On the basis of a 51-year statistical analysis of reanalysis data, we propose for the first time that the positive phase of the Western Pacific (WP) pattern in the winter is linked to the negative phase of the North Atlantic Oscillation (NAO) in the previous winter, and vice versa. We show that there are two possible mechanisms responsible for this interannual remote linkage. One is an Arctic mechanism. Extensive Arctic sea ice in the summer after a negative NAO acts as a bridge to the positive phase of the WP in the next winter. The other mechanism involves the tropics. An El Niño occurrence after a negative winter NAO acts as another bridge to the positive phase of the WP in the following winter. The timescale of the Arctic route is nearly decadal, whereas that of the tropical route is about 3–5 years. The tropical mechanism indicates that the NAO remotely excites an El Niño in the second half of the following year. A process perhaps responsible for the El Niño occurrence was investigated statistically. A negative NAO in the winter increases Eurasian snow cover. This anomalous snow cover then intensifies the cold air outbreak from Asia to the western tropical Pacific. This outbreak can intensify the westerly wind burst and excite El Niño in the following year. We suggest that the phase of the NAO in the winter could be a predictor of the WP in the following year.
Difficult to control winter annual grasses that have been used to produce forage, especially Italian ryegrass (Lolium multiflorum Lam.) and feral rye (Secale cereale L.), have invaded Oklahoma fields traditionally used to produce continuous winter wheat (Triticum aestivum L.). This study was conducted to determine whether a winter canola (Brassica napus L.)-winter wheat crop rotation could compete economically with continuous winter wheat. The effects of seven herbicide treatments for continuous wheat and 24 herbicide treatments for the canola-wheat rotations were analyzed during a rotation cycle at four Oklahoma locations. Enterprise budgets were prepared to enable economic comparisons across production systems and treatments. Wheat yields in the second year of the canola-wheat rotations were significantly (P < 0.05) greater than wheat yields in the second year of continuous wheat across all four locations (10, 11, 15, and 22%). Based on the historical relationship between wheat and canola prices, and a wheat price of US$0.21 kg(-1) and a canola price of US$0.40 kg-1, for the three sites for which net returns could be pooled across herbicide treatments, net returns from the canola-wheat rotation (US$197, US$123, and US$24 ha(-1) yr(-1)) were significantly (P < 0.05) greater than net returns from continuous wheat (-US$46, -US$118, and -US$48 ha(-1)yr(-1)). Based on historical price relationships and the yields produced in the trials, a winter canola-winter wheat crop rotation may improve net returns relative to continuous winter wheat for Oklahoma fields infested with Italian ryegrass and feral rye.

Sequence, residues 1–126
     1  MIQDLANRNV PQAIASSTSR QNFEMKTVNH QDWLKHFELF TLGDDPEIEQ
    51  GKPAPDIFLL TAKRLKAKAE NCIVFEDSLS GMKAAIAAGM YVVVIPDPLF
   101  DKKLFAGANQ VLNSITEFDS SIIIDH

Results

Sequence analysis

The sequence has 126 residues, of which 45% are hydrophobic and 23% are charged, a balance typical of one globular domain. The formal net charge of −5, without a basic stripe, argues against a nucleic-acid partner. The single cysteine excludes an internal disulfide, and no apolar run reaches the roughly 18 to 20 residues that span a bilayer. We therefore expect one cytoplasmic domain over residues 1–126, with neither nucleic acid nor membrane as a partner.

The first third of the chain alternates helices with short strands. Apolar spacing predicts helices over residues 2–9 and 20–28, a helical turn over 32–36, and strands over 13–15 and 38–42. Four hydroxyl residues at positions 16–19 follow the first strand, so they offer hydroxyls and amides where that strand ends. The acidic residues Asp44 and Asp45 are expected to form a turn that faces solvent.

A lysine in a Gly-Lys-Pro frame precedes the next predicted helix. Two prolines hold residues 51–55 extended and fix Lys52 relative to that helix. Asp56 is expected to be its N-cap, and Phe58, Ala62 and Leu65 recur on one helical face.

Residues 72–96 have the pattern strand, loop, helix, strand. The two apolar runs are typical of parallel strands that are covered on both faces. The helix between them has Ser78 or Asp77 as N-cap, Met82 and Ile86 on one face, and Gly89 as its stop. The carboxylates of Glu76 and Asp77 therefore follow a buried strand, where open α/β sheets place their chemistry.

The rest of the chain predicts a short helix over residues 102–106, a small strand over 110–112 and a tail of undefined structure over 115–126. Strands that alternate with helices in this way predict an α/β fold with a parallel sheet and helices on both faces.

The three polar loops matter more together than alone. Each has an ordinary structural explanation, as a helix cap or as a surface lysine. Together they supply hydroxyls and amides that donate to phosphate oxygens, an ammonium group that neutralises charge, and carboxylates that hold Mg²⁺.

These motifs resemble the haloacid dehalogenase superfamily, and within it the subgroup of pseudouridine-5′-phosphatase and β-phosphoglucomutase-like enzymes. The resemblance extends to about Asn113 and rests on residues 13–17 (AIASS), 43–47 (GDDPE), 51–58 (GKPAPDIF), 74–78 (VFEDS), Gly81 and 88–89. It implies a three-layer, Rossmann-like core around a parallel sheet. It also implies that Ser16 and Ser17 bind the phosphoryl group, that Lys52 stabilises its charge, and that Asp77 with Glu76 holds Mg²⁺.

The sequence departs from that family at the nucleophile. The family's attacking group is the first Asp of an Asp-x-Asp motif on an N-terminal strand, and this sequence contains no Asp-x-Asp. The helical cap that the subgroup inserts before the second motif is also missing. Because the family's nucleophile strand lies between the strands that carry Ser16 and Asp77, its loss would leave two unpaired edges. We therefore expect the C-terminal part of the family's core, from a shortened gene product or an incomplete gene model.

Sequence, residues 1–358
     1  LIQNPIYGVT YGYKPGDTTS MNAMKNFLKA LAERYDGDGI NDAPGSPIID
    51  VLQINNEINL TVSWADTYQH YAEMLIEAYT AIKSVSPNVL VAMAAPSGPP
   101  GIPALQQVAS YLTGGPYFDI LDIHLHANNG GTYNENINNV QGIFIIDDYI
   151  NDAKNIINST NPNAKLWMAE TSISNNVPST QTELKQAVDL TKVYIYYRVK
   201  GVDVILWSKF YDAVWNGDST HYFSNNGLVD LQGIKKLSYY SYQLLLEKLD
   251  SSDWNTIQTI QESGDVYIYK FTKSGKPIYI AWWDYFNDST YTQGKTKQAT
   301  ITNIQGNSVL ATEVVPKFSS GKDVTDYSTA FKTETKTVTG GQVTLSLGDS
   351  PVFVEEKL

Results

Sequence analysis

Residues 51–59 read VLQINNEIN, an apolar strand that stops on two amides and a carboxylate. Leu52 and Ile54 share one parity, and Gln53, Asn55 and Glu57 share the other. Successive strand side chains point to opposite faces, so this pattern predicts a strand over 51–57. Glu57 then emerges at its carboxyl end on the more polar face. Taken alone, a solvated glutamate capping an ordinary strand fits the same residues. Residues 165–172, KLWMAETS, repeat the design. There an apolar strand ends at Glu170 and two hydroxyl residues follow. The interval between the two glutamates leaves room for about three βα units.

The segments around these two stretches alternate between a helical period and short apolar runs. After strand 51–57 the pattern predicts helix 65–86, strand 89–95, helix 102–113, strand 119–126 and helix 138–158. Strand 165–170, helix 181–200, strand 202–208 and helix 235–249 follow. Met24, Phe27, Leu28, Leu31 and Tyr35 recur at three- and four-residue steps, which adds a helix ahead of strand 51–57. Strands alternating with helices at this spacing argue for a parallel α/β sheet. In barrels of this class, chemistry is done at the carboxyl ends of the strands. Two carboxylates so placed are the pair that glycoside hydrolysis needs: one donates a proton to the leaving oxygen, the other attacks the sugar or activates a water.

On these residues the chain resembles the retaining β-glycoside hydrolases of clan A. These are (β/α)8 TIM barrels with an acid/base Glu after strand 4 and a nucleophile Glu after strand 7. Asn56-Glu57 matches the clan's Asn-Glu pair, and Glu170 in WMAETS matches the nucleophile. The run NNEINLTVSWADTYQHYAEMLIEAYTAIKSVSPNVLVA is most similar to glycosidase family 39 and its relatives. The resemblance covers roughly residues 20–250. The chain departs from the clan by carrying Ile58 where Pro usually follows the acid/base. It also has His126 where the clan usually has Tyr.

This paper describes a series of winter wheat - winter barley disomic addition lines developed from hybrids between winter wheat line Triticum aestivum L. `Martonvásári 9 kr1' and the German 2-rowed winter barley cultivar Hordeum vulgare L. `Igri'. The barley chromosomes in a wheat background were identified from the fluorescent in situ hybridization (FISH) patterns obtained with various combinations of repetitive DNA probes: GAA-HvT01 and pTa71-HvT01. The disomic addition lines 2H, 3H, and 4H and the 1HS isochromosome were identified on the basis of a 2-colour FISH with the DNA probe pairs GAA-pAs1, GAA-HvT01, and pTa71-HvT01. Genomic in situ hybridization was used to confirm the presence of the barley chromosomes in the wheat genome. The identification of the barley chromosomes in the addition lines was further confirmed with simple-sequence repeat markers. The addition lines were also characterized morphologically.Cet article décrit une série de lignées d'addition disomiques entre le blé d'automne et l'orge d'automne développées à partir d'hybrides entre le blé d'automne `Martonvásári 9 kr1' et l'orge d'automne à deux rangs allemande `Igri'. Les chromosomes de l'orge au sein du génome du blé ont été identifiés sur la base d'hybridations in situ en fluorescence (FISH) réalisées avec des sondes d'ADN répétitifs: GAA-HvT01 et pTa71-HvT01. Les lignées d'addition disomiques 2H, 3H, 4H et l'isochromosome 1HS ont été identifiés par FISH bicolore avec les paires de sondes GAA-pAs1, GAA-HvT01 et pTa71-HvT01. Des hybridations génomiques in situ (GISH) ont été pratiquées pour confirmer la présence des chromosomes d'orge dans le génome du blé. L'identité des chromosomes d'orge au sein des lignées d'addition a été confirmée à nouveau à l'aide de marqueurs SSR. Les lignées d'addition ont également été caractérisées sur le plan morphologique.